Davide Papotti visits from Italy

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Dr. Davide Papotti speaks about the geographic and political state of Italy in Lindsay Auditorium, Sturm Hall [Photo by: Palmer McGraw]

Denver, C.O. – Dr. Davide Papotti visited the University of Denver Tuesday, May 10, 2016 to give a lecture on the history of Italy, negotiating historical heritage, and current political challenges.

Dr. Papotti is a professor of geography in the Humanities School at the Universita Degli Studi di Parma located in Parma, Italy. His specific areas of study are Italian geography, the relationship of geography and literature, and the immigration and multiculturalism in Italy. Some of his impressive accomplishments include publishing 70 scientific articles and being part of the research group Projects of National Relevance funded by the Ministry of Education (PRIN). With PRIN he has researched Italian immigration, multiculturalism, and local development.

The reception for this visiting scholar began at 5.30 p.m., and guests were treated to an Italian themed buffet of meatballs, garlic sticks, ravioli, prosciutto, tiramisu, and cannoli. The assortment of Italian treats set the mood for the intellectually stimulating lecture. At 6.30 p.m. guests of all ages proceeded into Lindsay Auditorium located in DU’s Sturm Hall. The audience buzzed with excitement as they took their seats and were heard asking each other questions about Italy. It was almost a full house, for the theatre was packed except for a mere fifteen seats that were unattended on the left-hand side of the auditorium. The audience was comprised primarily of Italian-language students, humanities professors, Reporting News and Journalism students, the speaker’s personal guests, and Italian professors. All were dressed in business casual attire for the occasion.

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Attendees mingle outside Lindsay Auditorium, Sturm Hall, enjoying some Italian style food [Photo by: Palmer McGraw]

Professor Roberta Waldbaum, an Italian professor at the University of Denver, introduced Papotti, announcing his various accomplishments and areas of interest. She brought him to the stage at 6.39 p.m. He excitedly walked up the steps toward the podium, and in reverence to the setting and his upcoming professional lecture, he was wearing a black suit and black tie with his silver hair neatly combed back.

Immediately, Papotti took the stage and began with a quote by Prince Klemens Von Metterernich, an Austrian diplomat famous for stating, “ The word ‘Italy’ is a geographical expression, a description which is useful shorthand but has none of the political significance the efforts of the revolutionary ideologues try to put on it, and which is full of dangers for the very existence of the states which make up the peninsula” (April 1847). This quote exemplifies to a “T” Papotti’s main argument that Italy is one country geographically divided by municipalities, and Italy’s citizens identify more with their municipality than as being Italians. To appropriately correct the current state of the country, municipalities need to join forces throughout Italy and adopt a new, cohesive national, cultural, and linguistic identity. This will unify Italy, Papotti says.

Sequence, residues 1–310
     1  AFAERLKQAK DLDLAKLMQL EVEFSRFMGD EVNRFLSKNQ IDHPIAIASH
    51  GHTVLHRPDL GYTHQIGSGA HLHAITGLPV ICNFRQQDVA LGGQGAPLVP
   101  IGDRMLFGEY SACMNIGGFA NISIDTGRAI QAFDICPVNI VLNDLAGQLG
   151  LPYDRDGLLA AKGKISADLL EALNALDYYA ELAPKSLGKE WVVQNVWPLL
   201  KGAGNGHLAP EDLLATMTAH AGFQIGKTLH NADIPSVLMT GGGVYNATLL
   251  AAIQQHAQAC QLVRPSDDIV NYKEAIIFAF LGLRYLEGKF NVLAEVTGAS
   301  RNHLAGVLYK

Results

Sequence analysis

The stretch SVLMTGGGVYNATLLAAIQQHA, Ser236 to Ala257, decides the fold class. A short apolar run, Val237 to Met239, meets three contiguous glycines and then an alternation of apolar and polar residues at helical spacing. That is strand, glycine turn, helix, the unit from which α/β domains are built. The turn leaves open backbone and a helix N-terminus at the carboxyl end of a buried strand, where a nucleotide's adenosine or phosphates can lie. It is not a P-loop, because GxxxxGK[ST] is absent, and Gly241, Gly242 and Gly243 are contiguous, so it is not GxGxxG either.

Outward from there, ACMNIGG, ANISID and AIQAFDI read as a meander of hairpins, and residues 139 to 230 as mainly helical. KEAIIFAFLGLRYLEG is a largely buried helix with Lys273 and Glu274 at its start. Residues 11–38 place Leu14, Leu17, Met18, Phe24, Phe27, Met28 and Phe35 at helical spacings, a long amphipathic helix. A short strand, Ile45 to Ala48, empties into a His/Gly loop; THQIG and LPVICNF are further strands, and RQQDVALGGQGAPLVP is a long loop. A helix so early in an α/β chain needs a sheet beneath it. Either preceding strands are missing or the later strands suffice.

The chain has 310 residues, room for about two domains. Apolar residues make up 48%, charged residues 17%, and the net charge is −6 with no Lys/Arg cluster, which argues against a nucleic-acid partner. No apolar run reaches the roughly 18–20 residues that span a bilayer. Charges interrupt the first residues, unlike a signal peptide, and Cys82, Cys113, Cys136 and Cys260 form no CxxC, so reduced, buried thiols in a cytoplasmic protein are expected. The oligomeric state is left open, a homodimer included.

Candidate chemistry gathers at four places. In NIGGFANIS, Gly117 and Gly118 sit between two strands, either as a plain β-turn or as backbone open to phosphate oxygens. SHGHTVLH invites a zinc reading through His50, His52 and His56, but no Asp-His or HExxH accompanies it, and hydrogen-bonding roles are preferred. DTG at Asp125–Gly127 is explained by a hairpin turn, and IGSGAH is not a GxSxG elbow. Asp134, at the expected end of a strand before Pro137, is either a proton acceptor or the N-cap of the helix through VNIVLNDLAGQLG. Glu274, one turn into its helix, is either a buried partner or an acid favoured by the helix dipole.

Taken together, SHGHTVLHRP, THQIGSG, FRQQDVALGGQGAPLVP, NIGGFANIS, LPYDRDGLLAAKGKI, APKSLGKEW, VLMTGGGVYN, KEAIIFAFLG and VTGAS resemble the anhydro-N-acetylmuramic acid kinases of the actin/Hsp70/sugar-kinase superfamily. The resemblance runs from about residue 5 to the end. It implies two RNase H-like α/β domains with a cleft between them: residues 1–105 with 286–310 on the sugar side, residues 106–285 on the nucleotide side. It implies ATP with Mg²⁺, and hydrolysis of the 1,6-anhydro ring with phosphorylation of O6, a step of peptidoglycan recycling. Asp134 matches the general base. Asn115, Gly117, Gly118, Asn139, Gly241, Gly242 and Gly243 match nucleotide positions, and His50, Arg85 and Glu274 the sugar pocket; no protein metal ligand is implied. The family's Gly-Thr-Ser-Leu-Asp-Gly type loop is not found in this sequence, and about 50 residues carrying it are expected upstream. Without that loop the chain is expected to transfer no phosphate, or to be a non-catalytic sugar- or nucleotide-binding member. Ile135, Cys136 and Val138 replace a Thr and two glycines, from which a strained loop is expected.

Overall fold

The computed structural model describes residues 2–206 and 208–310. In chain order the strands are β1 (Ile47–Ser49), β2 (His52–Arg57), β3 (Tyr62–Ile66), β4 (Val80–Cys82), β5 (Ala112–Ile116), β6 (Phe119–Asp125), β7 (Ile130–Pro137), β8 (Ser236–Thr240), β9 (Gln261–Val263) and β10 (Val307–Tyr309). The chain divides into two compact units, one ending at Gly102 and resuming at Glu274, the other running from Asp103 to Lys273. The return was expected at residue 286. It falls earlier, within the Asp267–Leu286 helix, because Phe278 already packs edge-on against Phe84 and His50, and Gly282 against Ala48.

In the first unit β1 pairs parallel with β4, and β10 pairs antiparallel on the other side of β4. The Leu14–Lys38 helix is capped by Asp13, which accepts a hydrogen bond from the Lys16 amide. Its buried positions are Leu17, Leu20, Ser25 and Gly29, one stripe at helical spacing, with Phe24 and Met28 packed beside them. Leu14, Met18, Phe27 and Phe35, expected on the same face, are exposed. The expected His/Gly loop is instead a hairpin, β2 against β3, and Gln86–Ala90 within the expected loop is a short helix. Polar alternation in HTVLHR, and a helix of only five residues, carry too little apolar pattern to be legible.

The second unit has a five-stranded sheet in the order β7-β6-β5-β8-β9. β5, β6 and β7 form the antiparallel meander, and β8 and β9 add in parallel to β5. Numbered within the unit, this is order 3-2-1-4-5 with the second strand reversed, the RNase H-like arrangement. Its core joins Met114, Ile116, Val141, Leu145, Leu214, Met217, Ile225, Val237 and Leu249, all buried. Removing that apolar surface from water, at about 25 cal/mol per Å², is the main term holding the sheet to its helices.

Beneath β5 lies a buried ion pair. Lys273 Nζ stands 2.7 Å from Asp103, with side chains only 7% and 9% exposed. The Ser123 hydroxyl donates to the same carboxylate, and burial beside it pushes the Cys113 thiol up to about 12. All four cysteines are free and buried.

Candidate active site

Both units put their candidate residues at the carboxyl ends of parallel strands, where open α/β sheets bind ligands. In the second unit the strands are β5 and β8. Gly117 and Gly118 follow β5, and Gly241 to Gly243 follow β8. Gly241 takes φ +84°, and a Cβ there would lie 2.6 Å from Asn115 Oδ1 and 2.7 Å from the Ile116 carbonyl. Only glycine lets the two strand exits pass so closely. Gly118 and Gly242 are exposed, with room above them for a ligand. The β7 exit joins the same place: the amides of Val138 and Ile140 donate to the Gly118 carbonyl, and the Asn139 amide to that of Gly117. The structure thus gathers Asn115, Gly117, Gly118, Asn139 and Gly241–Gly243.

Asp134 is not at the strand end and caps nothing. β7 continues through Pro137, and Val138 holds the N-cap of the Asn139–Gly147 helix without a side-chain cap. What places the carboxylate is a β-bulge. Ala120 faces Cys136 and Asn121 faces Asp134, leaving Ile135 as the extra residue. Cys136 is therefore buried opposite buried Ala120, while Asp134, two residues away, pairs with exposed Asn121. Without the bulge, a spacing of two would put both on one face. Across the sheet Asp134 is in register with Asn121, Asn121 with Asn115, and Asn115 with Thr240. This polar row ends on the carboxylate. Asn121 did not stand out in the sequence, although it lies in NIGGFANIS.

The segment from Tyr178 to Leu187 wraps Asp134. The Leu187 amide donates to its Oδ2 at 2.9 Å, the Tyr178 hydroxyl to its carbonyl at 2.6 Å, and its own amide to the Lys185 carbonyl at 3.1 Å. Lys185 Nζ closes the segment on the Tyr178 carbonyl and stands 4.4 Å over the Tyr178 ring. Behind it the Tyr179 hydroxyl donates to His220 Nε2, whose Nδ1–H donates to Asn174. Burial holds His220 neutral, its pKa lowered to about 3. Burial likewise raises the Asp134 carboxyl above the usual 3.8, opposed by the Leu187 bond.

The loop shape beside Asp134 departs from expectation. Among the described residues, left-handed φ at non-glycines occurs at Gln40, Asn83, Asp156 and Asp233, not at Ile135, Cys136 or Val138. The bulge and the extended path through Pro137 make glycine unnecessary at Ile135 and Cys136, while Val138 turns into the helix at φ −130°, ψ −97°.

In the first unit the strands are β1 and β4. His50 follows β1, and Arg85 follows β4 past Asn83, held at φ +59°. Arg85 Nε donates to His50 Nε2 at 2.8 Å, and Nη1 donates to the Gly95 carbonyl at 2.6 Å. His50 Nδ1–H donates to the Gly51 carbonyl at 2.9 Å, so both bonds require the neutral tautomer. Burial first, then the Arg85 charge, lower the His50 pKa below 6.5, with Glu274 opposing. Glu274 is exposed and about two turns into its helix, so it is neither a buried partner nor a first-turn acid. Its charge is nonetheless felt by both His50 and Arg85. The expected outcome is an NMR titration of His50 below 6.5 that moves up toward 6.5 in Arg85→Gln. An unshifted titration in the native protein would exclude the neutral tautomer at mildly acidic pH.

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Dr. Papotti presented a slide show along with his lecture titled “The Geography of Italy: negotiating historical heritage and current political challenges” [Photo by: Palmer McGraw]

To further breakdown and illustrate Italy’s disconnect and severe fragmentation and population discrepancy between various regions and municipalities, Papotti provided a multitude of maps. Maps were of per-capital income, disproportion of territories, current social situations (such as the unequal quality of life), and the unequal partition of regions. Recognizing the surplus of maps included in his slide show, Papotti shared a humorous student evaluation comment with the audience: “Nice course but way too many maps.”

This statement lightened up the mood, and many audience members chuckled to themselves, agreeing with the anonymous student’s evaluation.

Papotti then went on to speak about the pervasive problem with immigration in Italy, stating:

“Beginning in the early 2000’s, there were only 1.3 million immigrants in Italy. Now there are three times that number and account for 8% of Italy’s total population. This influx of immigrants is in part responsible for the unequal population density as a majority of the immigrants reside in the North, leaving the South substantially less populated.”

He explained that this influx of immigrants isn’t necessarily a bad thing; in fact it brought to the surface Italy’s identity issues. Such issues have forced the Italians to question what it means to be Italian and what it takes for one to recognize themselves as a “true” Italian. Such introspective questions are helping Italy unify their local and regional municipalities and provinces. Additionally, the surplus of immigrants over the past couple of years has helped increase the Italy’s birthrate, since it is currently considered an “aging population” with the highest percentage of seniors and one of the lowest birthrates.

To end his lecture on a lighter note, he left us with a joke we all could understand despite our limited knowledge of the subject matter. Papotti said, “The only moment Italians come together, despite municipal and regional differences, and wear the Italian flag with joy, is on the soccer field.” This instilled hope in the audience that Italy has the potential to regain a strong sense of identity, economic success, and national unity.



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